She wouldn't have it any other way.  Her zest for life is obvious.

What an inspiration, to make a career out of caring for other people and doing it for so long.  And, if you want to read even more stories of inspiration next month, tune into the Blogging from A to Z Challenge and the posts of a man in India who will be blogging about "real life heroes".

Do you have an inspiring story to share today?

Wednesday, March 22, 2017

Spring Things - Presto Change-O

Last Tuesday and Wednesday, our area had between two and three feet of snow.

Monday, spring came (and my Wednesday feature transitions into Spring Things.)

Yesterday, after a weekend with some cool weather, it got up into the 50's F (about 11 C), and the snow really started to melt.  It was the first full day of spring, after all.

Today, winter is back, with howling winds, snow, and cold.  The wind chill is about 13 (-10.5).

My bulbs wait patiently for spring to truly begin.

They may look a bit wilted, but they will recover.

I, however, am less patient.

Tuesday, March 21, 2017

The Giving Tree

I am a grown-up crybaby.

I cry at weddings.  I cry through movies.  Some children's books choked me up so much that I couldn't even read them to my then-young son.

Strange how, recently, the memory of gardening led to the memory of a book I was given to read sometimes to my then young son called The Giving Tree, by Shel Silverstein. But I was never able to because the mere thought of that poem makes me cry.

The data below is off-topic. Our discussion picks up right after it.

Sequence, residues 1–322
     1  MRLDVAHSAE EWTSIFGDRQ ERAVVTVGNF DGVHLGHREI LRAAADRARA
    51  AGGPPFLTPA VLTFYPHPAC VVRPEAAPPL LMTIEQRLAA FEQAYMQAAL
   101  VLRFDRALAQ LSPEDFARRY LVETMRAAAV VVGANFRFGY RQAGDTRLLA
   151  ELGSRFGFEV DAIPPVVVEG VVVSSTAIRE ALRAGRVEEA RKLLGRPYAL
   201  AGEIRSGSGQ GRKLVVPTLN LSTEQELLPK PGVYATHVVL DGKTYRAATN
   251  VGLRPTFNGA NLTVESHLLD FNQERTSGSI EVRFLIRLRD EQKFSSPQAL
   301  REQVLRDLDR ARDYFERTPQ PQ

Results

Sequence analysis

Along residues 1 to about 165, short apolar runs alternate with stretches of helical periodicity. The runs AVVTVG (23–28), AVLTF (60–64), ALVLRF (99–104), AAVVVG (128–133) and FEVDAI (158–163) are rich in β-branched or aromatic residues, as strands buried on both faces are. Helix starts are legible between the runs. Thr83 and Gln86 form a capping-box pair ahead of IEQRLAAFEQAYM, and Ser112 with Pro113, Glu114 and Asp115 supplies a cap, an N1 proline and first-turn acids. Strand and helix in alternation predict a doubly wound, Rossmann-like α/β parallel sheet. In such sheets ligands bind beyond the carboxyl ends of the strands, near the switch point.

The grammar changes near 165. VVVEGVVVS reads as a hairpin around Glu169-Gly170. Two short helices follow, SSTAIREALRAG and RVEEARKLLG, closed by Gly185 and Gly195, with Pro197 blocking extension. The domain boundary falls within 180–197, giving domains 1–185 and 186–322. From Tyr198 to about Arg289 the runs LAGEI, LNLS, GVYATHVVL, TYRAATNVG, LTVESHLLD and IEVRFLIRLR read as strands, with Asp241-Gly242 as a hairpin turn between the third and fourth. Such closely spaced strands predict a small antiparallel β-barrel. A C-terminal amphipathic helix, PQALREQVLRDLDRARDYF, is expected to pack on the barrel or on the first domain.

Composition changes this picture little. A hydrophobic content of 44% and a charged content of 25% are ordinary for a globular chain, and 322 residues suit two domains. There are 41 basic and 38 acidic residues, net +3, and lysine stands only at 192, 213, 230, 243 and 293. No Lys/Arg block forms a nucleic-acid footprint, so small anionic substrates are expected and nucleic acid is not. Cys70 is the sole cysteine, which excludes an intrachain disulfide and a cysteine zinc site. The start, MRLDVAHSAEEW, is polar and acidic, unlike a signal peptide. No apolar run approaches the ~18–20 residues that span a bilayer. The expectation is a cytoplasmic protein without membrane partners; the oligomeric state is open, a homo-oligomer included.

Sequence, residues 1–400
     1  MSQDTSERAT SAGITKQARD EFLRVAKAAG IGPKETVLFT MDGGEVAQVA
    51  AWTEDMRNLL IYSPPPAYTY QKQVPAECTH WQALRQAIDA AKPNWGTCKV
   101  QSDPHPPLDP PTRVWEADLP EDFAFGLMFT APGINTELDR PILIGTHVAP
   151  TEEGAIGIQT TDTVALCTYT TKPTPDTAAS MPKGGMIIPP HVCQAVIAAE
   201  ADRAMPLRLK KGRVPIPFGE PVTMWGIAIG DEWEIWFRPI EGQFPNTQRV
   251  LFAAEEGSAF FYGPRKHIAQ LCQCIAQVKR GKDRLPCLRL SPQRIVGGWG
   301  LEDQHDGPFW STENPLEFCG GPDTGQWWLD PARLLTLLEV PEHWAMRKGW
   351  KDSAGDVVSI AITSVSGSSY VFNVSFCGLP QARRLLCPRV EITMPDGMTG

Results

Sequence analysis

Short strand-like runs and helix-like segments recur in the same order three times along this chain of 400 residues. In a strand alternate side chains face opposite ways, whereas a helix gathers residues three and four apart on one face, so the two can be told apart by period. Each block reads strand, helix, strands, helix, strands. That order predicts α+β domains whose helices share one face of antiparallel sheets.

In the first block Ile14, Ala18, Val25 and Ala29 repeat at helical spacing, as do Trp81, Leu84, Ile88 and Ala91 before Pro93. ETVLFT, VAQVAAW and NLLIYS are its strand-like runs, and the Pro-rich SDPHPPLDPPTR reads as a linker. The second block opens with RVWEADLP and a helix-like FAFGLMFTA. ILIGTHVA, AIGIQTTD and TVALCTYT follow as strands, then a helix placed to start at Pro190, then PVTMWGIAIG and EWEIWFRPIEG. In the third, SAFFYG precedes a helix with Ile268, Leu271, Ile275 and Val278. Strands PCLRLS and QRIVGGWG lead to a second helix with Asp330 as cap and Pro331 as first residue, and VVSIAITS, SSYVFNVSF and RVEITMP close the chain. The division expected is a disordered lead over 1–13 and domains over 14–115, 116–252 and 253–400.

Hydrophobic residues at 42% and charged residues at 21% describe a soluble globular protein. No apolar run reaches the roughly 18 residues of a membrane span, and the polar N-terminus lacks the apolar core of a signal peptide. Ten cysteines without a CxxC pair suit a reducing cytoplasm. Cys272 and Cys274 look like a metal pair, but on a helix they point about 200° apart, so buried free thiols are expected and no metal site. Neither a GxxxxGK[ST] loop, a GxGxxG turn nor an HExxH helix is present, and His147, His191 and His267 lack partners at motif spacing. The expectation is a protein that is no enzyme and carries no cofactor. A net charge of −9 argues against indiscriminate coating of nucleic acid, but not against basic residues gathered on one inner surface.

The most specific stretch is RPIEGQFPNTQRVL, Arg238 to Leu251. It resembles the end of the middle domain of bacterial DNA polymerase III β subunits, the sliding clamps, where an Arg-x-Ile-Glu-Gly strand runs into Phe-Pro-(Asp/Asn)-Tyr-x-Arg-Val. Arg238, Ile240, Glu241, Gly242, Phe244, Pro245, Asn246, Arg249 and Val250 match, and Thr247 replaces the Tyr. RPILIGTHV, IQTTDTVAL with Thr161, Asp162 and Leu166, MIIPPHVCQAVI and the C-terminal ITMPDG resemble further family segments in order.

This is a poem you either love or hate.  I think, in a way, that I both love and hate it.

I never understood that poem until I was a mother.

Now, there is a real Giving Tree in Oakland, California.

It still makes me cry.

What am I crying for?  Youth lost?  A son grown?  I really don't know.

Is there a book, a poem, or a movie that makes you cry?

Tree (not an apple tree) Binghamton, New York, October 2016

Monday, March 20, 2017

Traveling Through Time and Space the A to Z Way - #atoztheme reveal #atozchallenge

Picking my A to Z theme for 2017 was difficult, and I don't know why.

At first, I thought, "Oh, nostalgia."  For many of us, nostalgia is a fun pastime.  What would be hard about it?

When you get to a "certain age", your memories become a kind of museum.   A museum of historical events.  A museum of obsolete technology.  A museum of memories that sometimes mean so much to others younger than you.  But sometimes, those memories don't matter at all.

I've accumulated a lot of memories in 64 plus years of living, after all.

Recent memories.  Memories from long ago.  Some happy.  Some not so happy. Memories of travel.  Memories of everyday life.  Times of nostalgia.  All them, I hope, interesting.

But, we have to live in the present, too.

So, my theme for the Blogging from A to Z Challenge is:  Traveling Through Time and Space.  For most of the challenge, I will dust off some of my thousands of iPhone photos and travel once again to places I've been, and memories I've accumulated.  Other days, it will just be memories in writing.

I invite you to join me on my 30 day trip.